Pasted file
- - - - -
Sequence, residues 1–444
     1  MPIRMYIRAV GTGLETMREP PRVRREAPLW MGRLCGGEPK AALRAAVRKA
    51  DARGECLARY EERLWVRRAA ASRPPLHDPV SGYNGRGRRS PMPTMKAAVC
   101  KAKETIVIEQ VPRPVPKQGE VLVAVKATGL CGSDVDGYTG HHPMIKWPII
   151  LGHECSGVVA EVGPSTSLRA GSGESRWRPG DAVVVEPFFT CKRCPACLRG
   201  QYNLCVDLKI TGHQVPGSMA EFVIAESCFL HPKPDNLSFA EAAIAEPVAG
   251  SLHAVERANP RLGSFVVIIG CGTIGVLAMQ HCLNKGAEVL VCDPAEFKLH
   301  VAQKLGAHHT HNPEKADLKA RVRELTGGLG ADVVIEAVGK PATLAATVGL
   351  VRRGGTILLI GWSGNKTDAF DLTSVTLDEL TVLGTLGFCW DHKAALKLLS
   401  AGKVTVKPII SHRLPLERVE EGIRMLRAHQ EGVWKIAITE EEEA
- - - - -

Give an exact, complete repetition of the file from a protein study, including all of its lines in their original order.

Sequence, residues 1–444
     1  MPIRMYIRAV GTGLETMREP PRVRREAPLW MGRLCGGEPK AALRAAVRKA
    51  DARGECLARY EERLWVRRAA ASRPPLHDPV SGYNGRGRRS PMPTMKAAVC
   101  KAKETIVIEQ VPRPVPKQGE VLVAVKATGL CGSDVDGYTG HHPMIKWPII
   151  LGHECSGVVA EVGPSTSLRA GSGESRWRPG DAVVVEPFFT CKRCPACLRG
   201  QYNLCVDLKI TGHQVPGSMA EFVIAESCFL HPKPDNLSFA EAAIAEPVAG
   251  SLHAVERANP RLGSFVVIIG CGTIGVLAMQ HCLNKGAEVL VCDPAEFKLH
   301  VAQKLGAHHT HNPEKADLKA RVRELTGGLG ADVVIEAVGK PATLAATVGL
   351  VRRGGTILLI GWSGNKTDAF DLTSVTLDEL TVLGTLGFCW DHKAALKLLS
   401  AGKVTVKPII SHRLPLERVE EGIRMLRAHQ EGVWKIAITE EEEA